Abbot Suger, a medieval French cleric, died Jan. 13, 1151, at about age 69; his date of birth is unknown. Suger was Abbot of Saint-Denis in Paris. In 1135, he began rebuilding the medieval church attached to the Abbey. Suger was influenced by the mystical writings of Dionysius the Aeropagite, whom we now call Pseudo-Dionysius, but who was not at all “pseudo” in Suger’s time. Dinoysius was thought to be the Dionysius that Paul converted in Athens, and thus an important early figure in the Church. In his writings, Dionysius argued that one could achieve spiritual presence through light. Accordingly, Suger set out to build a church that admitted as much light as possible.
His first task was to replace the heavy west facade with a lighter one, articulated to show the location of the nave and aisles within, with three doors instead of one, and augmented by a rose window to let in more light. It was not a huge window, but it was a start.
Then Suger tackled the east end of the church. He built a choir for which he used rib vaults in the ceiling, with the ribs radiating out to supporting columns; his architects used pointed arches in place of round ones to better distribute weight, and they added buttresses outside to support the walls. These new architectural elements ensured that the weight of the roof was borne entirely by pillars and columns, allowing the walls to be made of glass – stained glass – and turning them into walls of light (third image). These innovations became essential elements of what would eventually be called the Gothic style.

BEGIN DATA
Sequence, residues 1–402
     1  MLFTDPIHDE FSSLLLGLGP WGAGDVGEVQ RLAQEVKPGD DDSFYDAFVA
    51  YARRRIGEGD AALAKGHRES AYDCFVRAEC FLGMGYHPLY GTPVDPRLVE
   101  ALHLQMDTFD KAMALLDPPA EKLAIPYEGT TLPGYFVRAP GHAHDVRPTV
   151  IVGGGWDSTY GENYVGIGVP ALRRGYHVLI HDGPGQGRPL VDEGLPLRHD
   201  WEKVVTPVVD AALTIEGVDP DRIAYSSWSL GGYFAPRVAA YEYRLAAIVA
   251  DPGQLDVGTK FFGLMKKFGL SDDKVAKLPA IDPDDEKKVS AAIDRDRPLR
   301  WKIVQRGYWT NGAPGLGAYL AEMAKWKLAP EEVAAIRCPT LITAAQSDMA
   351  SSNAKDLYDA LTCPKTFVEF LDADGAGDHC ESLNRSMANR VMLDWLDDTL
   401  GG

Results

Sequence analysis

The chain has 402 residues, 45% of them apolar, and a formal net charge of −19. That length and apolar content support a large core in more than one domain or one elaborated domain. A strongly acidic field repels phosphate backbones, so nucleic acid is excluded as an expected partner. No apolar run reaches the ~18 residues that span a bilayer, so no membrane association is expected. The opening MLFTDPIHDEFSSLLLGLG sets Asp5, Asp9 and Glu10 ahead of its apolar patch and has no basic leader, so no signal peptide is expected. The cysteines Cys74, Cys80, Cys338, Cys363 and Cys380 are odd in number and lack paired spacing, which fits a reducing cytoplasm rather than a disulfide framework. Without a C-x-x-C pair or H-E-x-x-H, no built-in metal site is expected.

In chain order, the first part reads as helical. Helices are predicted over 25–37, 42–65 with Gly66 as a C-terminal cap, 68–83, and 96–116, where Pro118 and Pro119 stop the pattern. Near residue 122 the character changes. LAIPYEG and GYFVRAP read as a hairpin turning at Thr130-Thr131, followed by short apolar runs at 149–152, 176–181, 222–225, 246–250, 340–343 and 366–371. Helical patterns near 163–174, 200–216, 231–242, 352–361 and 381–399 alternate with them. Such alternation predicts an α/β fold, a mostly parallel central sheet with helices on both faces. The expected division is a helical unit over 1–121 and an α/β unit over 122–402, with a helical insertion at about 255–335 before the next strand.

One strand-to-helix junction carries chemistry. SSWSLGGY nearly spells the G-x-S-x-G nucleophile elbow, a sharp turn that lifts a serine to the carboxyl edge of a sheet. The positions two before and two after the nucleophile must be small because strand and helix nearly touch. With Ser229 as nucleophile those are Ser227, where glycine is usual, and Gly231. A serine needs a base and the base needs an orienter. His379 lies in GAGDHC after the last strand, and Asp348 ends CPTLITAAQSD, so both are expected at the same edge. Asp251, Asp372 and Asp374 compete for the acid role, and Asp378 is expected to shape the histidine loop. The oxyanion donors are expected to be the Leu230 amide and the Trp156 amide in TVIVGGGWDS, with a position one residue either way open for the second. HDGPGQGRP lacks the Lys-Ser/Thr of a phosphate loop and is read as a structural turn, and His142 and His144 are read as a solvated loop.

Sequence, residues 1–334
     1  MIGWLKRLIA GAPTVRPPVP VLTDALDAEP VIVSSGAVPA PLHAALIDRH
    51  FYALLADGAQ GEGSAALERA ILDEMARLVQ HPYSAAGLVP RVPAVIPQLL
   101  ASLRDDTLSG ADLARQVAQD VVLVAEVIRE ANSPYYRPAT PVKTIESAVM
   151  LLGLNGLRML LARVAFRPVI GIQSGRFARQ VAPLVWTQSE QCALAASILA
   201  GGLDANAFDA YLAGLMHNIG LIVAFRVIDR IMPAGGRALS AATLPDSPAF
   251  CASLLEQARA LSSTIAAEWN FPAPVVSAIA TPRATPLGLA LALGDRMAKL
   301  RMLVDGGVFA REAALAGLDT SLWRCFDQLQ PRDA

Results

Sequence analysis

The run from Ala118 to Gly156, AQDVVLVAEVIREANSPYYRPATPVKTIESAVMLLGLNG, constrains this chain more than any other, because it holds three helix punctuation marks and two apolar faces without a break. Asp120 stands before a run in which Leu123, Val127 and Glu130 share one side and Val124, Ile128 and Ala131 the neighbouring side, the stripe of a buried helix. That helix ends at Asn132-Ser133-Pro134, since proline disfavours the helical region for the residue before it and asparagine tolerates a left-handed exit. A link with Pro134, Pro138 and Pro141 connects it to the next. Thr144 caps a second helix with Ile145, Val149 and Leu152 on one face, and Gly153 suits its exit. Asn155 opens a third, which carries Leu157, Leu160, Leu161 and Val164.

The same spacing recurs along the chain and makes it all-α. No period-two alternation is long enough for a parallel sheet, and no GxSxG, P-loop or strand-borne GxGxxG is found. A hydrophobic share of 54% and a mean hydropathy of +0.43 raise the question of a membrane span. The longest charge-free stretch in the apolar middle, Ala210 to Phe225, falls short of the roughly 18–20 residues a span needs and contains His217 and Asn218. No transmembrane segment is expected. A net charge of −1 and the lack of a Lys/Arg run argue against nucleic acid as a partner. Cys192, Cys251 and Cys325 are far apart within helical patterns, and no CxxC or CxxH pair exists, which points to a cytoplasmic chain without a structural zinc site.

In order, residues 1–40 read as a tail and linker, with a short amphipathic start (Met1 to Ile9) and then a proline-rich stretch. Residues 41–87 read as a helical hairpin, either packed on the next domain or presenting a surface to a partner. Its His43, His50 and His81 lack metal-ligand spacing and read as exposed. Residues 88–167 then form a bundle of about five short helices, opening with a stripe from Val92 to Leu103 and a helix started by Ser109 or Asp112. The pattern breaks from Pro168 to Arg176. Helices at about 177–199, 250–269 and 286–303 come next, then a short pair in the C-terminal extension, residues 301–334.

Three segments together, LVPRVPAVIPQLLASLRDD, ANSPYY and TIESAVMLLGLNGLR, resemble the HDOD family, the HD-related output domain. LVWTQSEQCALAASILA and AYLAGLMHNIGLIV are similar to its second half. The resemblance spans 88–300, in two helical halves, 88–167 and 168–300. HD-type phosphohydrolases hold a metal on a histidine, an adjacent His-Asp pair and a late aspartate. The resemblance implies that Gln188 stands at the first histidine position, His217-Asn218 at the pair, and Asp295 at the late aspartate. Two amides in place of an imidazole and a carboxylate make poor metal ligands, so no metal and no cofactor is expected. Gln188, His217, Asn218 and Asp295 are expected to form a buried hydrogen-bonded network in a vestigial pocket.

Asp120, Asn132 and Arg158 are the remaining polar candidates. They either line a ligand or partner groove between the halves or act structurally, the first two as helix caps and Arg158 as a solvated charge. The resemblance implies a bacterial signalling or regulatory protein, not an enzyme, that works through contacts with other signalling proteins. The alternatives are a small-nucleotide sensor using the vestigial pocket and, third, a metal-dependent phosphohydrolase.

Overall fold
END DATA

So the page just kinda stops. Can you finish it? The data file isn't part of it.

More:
We often say that Suger invented Gothic architecture, and that’s not wrong, but Suger was not an architect. He had two architect/master masons working for him, turning Suger’s vision into stone and glass, but their names have never come to light. So Suger gets the credit in the absence of anyone to share it with.
It is interesting that natural philosophy (science) underwent a similar transition at the same time. Scholasticism (as we call medieval natural philosophy) was built on the same principles as Gothic style: an emphasis on order and articulated structure (but with little interest in harmony), with a desire for light and clarity. This was noticed many years ago by Erwin Panofsky in his book, Gothic Architecture and Scholasticism (1951), and his thesis that Gothic and Scholasticism share many essential elements has held up well over time. It is tantalizing to consider the possibility that the philosophy of Thomas Aquinas and Albertus Magnus was ultimately engendered by the vision of the Abbot of Saint-Denis.
There are no contemporary portraits of Abbot Suger; we have only the rendition in glass in one of the stained-glass windows of the cathedral of Saint-Denis (first image).
Dr. William B. Ashworth, Jr., Consultant for the History of Science, Linda Hall Library and Associate Professor emeritus, Department of History, University of Missouri-Kansas City. Comments or corrections are welcome; please direct to email@example.com.